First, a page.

Tuesday, May 21, 2013

Woodpeckers, Herons, Bottles and Bricks

What you won't see here is a woodpecker. They were too high in the greenwood to be seen. But you should have heard them this morning along the Patapsco river between the Daniels dam and the Davis tunnel. They are thriving there. Eight o'clock must be the breakfast hour for pecker heads. They were hammering away all around me on both sides of the river for an entire hour. Then it stopped. Breakfast over. Things got quiet as a church on Tuesday morning.


This Great Blue Heron, which I stalked in both directions of my hike was a slow eater in comparison to the wood knockers. Ol' Blue was just patiently standing, strutting and strolling in the shallow river for at least two and a half hours, with an ocassional short flight to a new spot. The shallow, slow moving Patapsco must be a near perfect habitat for slow, patient, wading herons.


Even slower and more patient than herons are bottles and brick that have waited in the dirt a hundred years for me to find them. I returned today to the spot I wrote about on May 6th.  This time I looked more closely at the old bottles and bricks I noticed on my first visit. I found five antique beer bottles, all with their necks broken off. Three were from the Baltimore brewery, Gottlieb Bauernschmidt Straus (GBS), which existed from 1901 to 1920. The other two were from the Globe Brewery, that both preceded and succeeded GBS. All were embossed bottles. You can see cleaned up examples of them here as, # 11 and # 1. And a history of The Globe Brewing Company here. Based on the company history and the bottle designs I believe my previous guess that they are from circa 1906 is pretty accurate.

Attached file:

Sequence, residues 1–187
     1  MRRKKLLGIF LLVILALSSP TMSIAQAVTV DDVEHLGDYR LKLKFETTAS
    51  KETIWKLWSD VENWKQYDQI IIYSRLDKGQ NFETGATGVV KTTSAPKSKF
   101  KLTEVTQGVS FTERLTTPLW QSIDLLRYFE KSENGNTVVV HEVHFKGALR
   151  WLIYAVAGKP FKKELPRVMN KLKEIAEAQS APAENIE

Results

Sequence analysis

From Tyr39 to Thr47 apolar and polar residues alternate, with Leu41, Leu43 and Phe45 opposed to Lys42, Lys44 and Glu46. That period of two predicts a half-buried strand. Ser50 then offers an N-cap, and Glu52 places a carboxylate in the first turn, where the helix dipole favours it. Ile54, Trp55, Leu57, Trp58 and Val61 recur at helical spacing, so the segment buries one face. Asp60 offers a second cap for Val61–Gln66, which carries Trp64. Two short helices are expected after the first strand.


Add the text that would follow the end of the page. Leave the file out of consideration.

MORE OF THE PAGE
At this site I saw plain unmarked red clay building bricks and two kinds of white fire bricks stamped with a name. One was stamped or impressed with SAVAGE and the other with UNION. I believe they were likely manufactured by The Savage Fire Brick Company of Keystone Junction in Somerset County, PA. You can actually see illustrations of these two brick with the embossed names in the company's 1899 catalog. Again confirming my estimated dating of the site to the first decade of the twentieth century.